While there is still a thorny tangle of federal and state laws preventing a true e-commerce for cannabis, it’s not hard to imagine startups racing to be the first ‘Uber for weed.’ This would certainly make the consumer experience even more convenient, but it would mean yet another blow to the delivery only retailer’s profit margin, and does not seem consistent with the goal of lowering the barrier to entry for small businesses.
Of course, excitement about new markets comes with the important caveat that the rules still need to be finalized and, in some cases, there would need to be a corresponding change in state law. Nevertheless, it is encouraging to see that regulators are willing to consider new ideas for Massachusetts’ cannabis industry. The lines around the block at the first retailers have everybody seeing dollar signs, but with no statutory limits on the number of licenses that the CCC can issue, it is only a matter of time before supply exceeds demand.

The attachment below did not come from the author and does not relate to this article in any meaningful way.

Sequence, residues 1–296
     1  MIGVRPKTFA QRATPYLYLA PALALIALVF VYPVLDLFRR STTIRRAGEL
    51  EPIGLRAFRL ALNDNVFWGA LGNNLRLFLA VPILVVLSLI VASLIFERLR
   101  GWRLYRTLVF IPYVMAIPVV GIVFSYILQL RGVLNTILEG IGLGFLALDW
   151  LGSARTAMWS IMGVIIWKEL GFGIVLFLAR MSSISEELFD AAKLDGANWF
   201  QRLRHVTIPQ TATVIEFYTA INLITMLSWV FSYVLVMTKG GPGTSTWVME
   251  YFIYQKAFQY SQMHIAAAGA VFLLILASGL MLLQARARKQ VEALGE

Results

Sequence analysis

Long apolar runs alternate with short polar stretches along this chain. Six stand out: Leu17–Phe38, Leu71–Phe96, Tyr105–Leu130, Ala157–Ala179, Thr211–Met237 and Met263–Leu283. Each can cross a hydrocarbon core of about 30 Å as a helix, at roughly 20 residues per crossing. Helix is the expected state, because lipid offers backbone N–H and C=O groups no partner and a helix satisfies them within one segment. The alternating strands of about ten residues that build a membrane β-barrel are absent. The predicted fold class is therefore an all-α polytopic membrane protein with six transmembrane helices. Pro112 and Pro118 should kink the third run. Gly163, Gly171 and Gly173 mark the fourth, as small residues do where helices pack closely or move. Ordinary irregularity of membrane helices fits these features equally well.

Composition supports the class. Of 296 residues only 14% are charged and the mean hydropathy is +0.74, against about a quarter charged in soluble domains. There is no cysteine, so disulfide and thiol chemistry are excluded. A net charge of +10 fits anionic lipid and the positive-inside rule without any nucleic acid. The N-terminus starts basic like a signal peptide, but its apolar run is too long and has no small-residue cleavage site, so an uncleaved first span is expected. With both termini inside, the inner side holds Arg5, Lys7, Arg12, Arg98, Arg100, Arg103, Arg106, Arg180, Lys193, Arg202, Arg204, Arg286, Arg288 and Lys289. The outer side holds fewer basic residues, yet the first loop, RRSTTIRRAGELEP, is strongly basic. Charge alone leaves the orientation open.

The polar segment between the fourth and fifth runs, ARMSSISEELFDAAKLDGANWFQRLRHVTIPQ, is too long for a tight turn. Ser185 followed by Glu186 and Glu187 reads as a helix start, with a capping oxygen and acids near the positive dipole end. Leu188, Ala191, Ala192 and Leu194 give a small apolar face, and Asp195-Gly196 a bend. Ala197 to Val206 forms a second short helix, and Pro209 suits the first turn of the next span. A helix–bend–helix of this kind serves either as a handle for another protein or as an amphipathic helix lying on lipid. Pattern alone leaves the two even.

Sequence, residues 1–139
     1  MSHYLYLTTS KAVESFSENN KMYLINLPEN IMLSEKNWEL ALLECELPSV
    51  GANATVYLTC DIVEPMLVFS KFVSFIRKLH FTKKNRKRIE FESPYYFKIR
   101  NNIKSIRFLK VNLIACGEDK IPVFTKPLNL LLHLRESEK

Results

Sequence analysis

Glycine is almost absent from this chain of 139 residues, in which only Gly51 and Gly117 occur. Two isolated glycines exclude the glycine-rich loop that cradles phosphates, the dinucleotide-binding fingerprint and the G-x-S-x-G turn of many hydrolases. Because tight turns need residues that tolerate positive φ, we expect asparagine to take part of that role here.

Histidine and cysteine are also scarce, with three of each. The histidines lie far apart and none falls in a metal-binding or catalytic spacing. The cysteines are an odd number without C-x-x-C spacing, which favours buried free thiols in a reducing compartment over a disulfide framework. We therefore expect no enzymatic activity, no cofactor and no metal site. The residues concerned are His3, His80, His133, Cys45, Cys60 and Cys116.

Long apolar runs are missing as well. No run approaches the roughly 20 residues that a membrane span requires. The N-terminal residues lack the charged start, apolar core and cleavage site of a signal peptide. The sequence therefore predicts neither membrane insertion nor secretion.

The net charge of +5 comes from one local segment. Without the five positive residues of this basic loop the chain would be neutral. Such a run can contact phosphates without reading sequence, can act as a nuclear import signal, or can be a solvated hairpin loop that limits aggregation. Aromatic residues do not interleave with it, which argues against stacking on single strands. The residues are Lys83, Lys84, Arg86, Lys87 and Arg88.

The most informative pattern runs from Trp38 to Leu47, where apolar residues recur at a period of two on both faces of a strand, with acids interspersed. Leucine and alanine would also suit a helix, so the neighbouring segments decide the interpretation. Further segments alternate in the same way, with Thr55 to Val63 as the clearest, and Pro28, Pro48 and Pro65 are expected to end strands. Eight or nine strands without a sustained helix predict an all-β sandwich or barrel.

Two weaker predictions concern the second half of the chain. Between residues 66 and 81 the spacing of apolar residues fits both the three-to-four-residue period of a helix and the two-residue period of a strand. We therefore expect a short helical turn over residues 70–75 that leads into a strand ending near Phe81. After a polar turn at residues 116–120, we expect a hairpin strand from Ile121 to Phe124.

In states that are further along in this process there is already evidence of a boom-bust cycle, as oversupply causes wholesale prices to plummet and smaller operators are forced out of the market. In Massachusetts, where the cannabis industry is still relatively nascent, there is still opportunity for regulators, consumers, activists, and entrepreneurs to play important roles in shaping the future of the industry.
Attorney Isaac C. Fleisher is an associate with Bacon Wilson, P.C., where his practice is focused on business and corporate law, with particular emphasis on the rapidly expanding cannabis industry. An accomplished transactional attorney, he has broad experience in all aspects of business representation, for legal matters ranging from mergers and acquisitions to business formation and financing; (413) 781-0560; [email protected].